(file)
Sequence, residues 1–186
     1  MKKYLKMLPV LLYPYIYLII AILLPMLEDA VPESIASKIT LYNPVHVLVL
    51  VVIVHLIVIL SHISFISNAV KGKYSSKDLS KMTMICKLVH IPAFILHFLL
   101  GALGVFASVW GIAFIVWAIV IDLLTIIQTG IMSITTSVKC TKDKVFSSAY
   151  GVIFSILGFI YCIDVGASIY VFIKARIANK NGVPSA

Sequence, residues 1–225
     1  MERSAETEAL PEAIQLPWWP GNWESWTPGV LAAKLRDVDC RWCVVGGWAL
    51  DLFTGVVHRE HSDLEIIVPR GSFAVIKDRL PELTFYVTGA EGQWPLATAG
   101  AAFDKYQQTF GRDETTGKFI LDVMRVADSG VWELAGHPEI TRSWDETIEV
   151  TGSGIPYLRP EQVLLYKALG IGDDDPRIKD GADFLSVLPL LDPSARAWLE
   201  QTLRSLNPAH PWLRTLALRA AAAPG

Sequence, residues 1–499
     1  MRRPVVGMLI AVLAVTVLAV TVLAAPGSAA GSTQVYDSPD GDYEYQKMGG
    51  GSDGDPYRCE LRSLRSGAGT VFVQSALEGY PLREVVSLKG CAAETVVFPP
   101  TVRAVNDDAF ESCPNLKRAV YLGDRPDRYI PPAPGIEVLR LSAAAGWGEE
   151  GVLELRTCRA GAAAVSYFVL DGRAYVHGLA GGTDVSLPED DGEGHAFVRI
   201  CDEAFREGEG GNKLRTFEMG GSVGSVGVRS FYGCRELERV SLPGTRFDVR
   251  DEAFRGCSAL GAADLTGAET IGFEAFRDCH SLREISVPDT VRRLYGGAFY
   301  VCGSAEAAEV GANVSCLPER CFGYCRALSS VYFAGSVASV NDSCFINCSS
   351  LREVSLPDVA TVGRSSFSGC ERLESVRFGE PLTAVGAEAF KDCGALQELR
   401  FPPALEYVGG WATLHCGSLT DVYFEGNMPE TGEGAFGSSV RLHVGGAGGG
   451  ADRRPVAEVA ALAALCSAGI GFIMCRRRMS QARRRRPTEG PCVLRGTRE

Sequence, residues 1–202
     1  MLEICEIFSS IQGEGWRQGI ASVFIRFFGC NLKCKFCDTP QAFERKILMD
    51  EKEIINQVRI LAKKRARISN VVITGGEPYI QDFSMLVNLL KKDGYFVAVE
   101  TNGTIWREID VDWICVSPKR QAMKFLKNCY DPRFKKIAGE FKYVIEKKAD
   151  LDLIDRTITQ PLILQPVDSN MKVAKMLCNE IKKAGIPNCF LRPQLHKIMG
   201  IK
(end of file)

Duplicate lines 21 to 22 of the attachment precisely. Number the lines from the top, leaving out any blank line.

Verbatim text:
   401  FPPALEYVGG WATLHCGSLT DVYFEGNMPE TGEGAFGSSV RLHVGGAGGG
   451  ADRRPVAEVA ALAALCSAGI GFIMCRRRMS QARRRRPTEG PCVLRGTRE